To get energy into the system is a matter of installed capacity and availability; or how how often it is contributing to something. By optimising the drive-train for motor-sailing, a subtle change of course and angle is able to contribute to the energy management of the vessel for long periods of effective trickle-charging. This new way of managing energy harvesting, sailing operation, and the Smart Energy System is called CMG – Charge Made Good. Sailing to your ‘CMG’ allows you to travel to your destination with a known future battery state. It functions for both trip-planning and live for instant feedback and adjustment.

We believe that CMG is a truly intuitive system for sailors. Adjusting course, angle, and speed is something we find enjoyable to do. If sailing is your way of managing your energy supply, and you enjoy sailing, you will of course enjoy CMG as it combines the activity you enjoy with the management of your energy supply.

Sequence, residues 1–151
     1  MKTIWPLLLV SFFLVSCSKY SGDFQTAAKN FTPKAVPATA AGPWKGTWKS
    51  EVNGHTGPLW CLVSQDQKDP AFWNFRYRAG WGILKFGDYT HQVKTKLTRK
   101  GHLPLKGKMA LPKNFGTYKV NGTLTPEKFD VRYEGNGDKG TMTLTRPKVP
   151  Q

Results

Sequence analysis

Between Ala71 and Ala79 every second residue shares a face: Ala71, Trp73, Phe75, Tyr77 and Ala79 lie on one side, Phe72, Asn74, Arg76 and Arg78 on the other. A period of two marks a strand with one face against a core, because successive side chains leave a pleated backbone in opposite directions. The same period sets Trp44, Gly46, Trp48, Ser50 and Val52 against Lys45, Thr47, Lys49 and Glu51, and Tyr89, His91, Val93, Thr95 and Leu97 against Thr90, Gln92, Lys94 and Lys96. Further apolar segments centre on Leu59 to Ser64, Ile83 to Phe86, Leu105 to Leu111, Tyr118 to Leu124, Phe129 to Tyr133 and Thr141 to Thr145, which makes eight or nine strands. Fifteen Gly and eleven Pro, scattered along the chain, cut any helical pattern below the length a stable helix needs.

Unlimited Range

Hello everyone!

We are delighted with the response and feedback we’ve received so far and we think it’s great to be able to communicate and respond to you all.

Preliminary Design

Some have correctly identified ‘unlimited range’ as something worth defining more critically. So we thought we would take that task on in today’s blog. When there’s no sun or wind, you’re not sailing around for free. It’s all about management and planning.

At the very heart of CMG is the calculation of your battery state at the end of your journey. Whio II’s energy model is based on an itinerary around the Mediterranean, the Bahamas, the Baltic, and Alaska with 4500km (2500nm) and about 22 stops in each region. The journey is planned in advance with a fixed arrival time at each stop. The weather data from several different years is then applied to the model to see if Whio II can travel at a minimum of 5kn and arrive at enough battery charge and water to last for the stay and provide for shore trips, fishing trips, waterskiing and other leisure activities, as well as providing power to the tender, and all house loads.